with Helios IT
RIP Windows XP – born Oct 25th 2001, died Apr 8th 2014
What to do if you’re still running XP on your business computer a month after its demise
So you are still running XP on your PC and the world hasn’t imploded around you and you weren’t even aware of the ‘End of Life for Windows XP’ congratulations you must be a home PC user or a very cool business user.
Most of us can afford to take additional risks with our home computer as our livelihoods don’t depend on it. If the home computer goes down we simply swap to another PC/tablet or even the smartphone that 70% of us now carry.
Realistically that’s fine for home. For the rest of us though working away with PCs in support of our business dealing with XP PCs on our network really does matter. At this stage we have now simply ran out of time, budget or faith but are not so foolish as to declare, ‘Hackers be damned do your worst to my livelihood’ especially as Microsoft have posted their first security advisory note on a hole in Internet Explorer that will not be patched on XP http://bit.ly/1iygbKz
So, practically, what’s to be done to manage the situation as best we can until we can make the time to plan for upgrading/replacement ?
Quick check list to keep you going
• Ensure you have the latest version of XP which is Service Pack 3 (abbreviated to SP3)
• Make sure that every single patch that came out prior to April 8th has been applied
• Check your anti-virus program is the latest version and receiving regular, at least daily, updates
• Broadband router firewall, if fitted, ON
• Windows Firewall, ON
• Web Security software installed if you simply must be on the net
• Ideally though, disconnect Ethernet cable from the back of PC.
This last point is the only secure way of ensuring you can continue to run XP having removed the primary source of any new infection. Ideally USB and DVD/CD drives should also be disabled as those are secondary sources of infection.
Upgrading/replacing XP PCs
In our experience it’s best not to waste your time thinking about upgrading that 6-8 year old PC. You know its performance is already shockingly bad and exasperates you every day in life waiting for it to respond. What’s more, upgrading the memory and licence to Windows 7/8 will cost a minimum of £200 in parts and labour and a Windows 8.1 PC with an i5 Processor and 8Gb of RAM and a 5 year next business day on-site warranty from a branded manufacturer will cost you around £495. Chances are you have a widescreen already so you just need the base PC.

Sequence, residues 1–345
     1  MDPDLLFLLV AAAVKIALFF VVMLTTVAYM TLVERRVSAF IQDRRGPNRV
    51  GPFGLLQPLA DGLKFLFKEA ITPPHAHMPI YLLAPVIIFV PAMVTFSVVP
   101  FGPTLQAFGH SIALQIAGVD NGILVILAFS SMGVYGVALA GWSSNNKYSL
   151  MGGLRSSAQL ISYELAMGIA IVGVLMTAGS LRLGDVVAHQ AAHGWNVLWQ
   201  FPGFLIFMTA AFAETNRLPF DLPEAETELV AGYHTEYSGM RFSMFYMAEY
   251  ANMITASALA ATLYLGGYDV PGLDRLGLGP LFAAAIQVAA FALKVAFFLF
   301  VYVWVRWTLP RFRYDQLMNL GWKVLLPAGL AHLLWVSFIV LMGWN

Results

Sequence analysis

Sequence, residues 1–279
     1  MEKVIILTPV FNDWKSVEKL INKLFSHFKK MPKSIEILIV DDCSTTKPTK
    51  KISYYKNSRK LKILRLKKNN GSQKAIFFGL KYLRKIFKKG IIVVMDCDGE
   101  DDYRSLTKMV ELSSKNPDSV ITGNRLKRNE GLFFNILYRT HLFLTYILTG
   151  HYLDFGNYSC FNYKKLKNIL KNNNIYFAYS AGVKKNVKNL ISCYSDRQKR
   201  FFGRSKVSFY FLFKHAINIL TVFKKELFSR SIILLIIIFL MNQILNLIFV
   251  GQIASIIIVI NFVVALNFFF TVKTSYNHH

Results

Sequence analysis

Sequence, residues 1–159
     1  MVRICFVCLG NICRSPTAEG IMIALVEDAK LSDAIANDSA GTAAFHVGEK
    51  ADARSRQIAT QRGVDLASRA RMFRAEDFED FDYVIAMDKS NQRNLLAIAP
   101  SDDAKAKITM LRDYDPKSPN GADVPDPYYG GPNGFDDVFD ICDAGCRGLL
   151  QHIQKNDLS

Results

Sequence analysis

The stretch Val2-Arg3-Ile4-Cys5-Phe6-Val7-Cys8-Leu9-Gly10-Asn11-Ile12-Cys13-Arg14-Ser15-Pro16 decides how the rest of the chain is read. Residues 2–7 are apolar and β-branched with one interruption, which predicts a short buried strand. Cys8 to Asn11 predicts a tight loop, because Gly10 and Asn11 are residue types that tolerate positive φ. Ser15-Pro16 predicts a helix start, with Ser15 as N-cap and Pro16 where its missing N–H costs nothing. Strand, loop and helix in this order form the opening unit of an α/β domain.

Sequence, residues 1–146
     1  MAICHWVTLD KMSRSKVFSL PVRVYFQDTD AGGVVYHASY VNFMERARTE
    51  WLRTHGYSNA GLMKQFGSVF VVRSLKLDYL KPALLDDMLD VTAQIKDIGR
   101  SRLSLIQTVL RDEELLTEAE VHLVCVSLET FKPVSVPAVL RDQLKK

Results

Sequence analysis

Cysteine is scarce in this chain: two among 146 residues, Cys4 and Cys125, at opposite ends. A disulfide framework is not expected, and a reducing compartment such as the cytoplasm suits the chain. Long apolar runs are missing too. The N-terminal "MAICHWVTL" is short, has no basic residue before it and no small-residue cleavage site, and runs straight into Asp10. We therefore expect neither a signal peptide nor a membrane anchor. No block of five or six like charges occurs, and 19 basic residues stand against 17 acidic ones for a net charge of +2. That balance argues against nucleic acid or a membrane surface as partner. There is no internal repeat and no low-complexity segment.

Final considerations for Business XP Users
Windows XP itself will keep on working after 8th April. The important change is that after that date Microsoft’s Windows Update service will stop providing patches for the operating system, including security updates. As time goes by with any Windows XP PC still in your business, connected to your network you’ll be increasingly leaving yourself open to hacker attacks.
You may have already noticed, through other suppliers emails, that not only can Microsoft wash its hands of Windows XP support but so can all the companies that made software for XP. It’s reasonable to assume that most of those companies stopped actively developing for XP years ago, though they are still supporting the applications that run on it. However, after Windows XP end of life on April 8th with no further back-up support from Microsoft they will have less reason than ever to maintain their applications running on XP.
The implications of this reality run far and wide. Line-of-business software is surely affected, as are any of the myriad of small applications you are using to provide the wee tweaks, add-ins that every business needs to fill in the gaps in their main business applications.
If there was one reason above all else to compel business owners to migrate from XP to the current Windows 8.1 then not being able to be supported for your core business application that pays the bills would surely be it.
The content of this article is provided for information purposes only and does not constitute professional or other advice.
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